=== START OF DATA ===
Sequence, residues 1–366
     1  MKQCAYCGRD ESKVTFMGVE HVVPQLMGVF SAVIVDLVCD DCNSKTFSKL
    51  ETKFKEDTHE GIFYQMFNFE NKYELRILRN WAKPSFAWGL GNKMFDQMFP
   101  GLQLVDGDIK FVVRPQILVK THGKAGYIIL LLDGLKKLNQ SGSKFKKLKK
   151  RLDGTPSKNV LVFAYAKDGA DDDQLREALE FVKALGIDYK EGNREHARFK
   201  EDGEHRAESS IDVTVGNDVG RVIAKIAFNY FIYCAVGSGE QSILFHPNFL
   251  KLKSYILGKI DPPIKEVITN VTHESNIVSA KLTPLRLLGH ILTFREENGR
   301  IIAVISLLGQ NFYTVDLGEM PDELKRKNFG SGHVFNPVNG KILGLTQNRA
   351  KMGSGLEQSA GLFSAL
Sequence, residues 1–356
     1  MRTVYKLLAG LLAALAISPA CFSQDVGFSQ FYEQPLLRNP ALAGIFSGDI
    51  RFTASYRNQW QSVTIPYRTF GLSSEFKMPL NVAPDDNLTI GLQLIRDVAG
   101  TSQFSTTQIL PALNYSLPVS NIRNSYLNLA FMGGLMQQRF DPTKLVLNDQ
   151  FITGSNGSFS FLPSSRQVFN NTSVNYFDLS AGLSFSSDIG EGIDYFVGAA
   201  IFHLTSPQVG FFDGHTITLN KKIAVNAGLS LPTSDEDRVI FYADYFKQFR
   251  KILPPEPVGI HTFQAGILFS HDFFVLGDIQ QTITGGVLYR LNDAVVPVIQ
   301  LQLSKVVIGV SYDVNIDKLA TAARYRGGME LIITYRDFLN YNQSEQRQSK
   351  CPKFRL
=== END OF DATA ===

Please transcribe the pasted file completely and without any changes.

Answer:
Sequence, residues 1–366
     1  MKQCAYCGRD ESKVTFMGVE HVVPQLMGVF SAVIVDLVCD DCNSKTFSKL
    51  ETKFKEDTHE GIFYQMFNFE NKYELRILRN WAKPSFAWGL GNKMFDQMFP
   101  GLQLVDGDIK FVVRPQILVK THGKAGYIIL LLDGLKKLNQ SGSKFKKLKK
   151  RLDGTPSKNV LVFAYAKDGA DDDQLREALE FVKALGIDYK EGNREHARFK
   201  EDGEHRAESS IDVTVGNDVG RVIAKIAFNY FIYCAVGSGE QSILFHPNFL
   251  KLKSYILGKI DPPIKEVITN VTHESNIVSA KLTPLRLLGH ILTFREENGR
   301  IIAVISLLGQ NFYTVDLGEM PDELKRKNFG SGHVFNPVNG KILGLTQNRA
   351  KMGSGLEQSA GLFSAL
Sequence, residues 1–356
     1  MRTVYKLLAG LLAALAISPA CFSQDVGFSQ FYEQPLLRNP ALAGIFSGDI
    51  RFTASYRNQW QSVTIPYRTF GLSSEFKMPL NVAPDDNLTI GLQLIRDVAG
   101  TSQFSTTQIL PALNYSLPVS NIRNSYLNLA FMGGLMQQRF DPTKLVLNDQ
   151  FITGSNGSFS FLPSSRQVFN NTSVNYFDLS AGLSFSSDIG EGIDYFVGAA
   201  IFHLTSPQVG FFDGHTITLN KKIAVNAGLS LPTSDEDRVI FYADYFKQFR
   251  KILPPEPVGI HTFQAGILFS HDFFVLGDIQ QTITGGVLYR LNDAVVPVIQ
   301  LQLSKVVIGV SYDVNIDKLA TAARYRGGME LIITYRDFLN YNQSEQRQSK
   351  CPKFRL